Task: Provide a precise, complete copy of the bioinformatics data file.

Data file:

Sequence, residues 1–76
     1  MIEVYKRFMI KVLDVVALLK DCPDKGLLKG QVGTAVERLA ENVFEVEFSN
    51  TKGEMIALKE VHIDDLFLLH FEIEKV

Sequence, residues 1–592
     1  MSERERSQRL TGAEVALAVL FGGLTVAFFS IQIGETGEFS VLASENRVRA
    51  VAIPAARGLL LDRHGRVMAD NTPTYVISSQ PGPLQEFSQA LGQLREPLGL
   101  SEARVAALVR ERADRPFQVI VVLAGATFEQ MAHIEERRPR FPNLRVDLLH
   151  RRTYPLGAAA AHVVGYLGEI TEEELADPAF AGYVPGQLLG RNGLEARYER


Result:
Sequence, residues 1–76
     1  MIEVYKRFMI KVLDVVALLK DCPDKGLLKG QVGTAVERLA ENVFEVEFSN
    51  TKGEMIALKE VHIDDLFLLH FEIEKV

Sequence, residues 1–592
     1  MSERERSQRL TGAEVALAVL FGGLTVAFFS IQIGETGEFS VLASENRVRA
    51  VAIPAARGLL LDRHGRVMAD NTPTYVISSQ PGPLQEFSQA LGQLREPLGL
   101  SEARVAALVR ERADRPFQVI VVLAGATFEQ MAHIEERRPR FPNLRVDLLH
   151  RRTYPLGAAA AHVVGYLGEI TEEELADPAF AGYVPGQLLG RNGLEARYER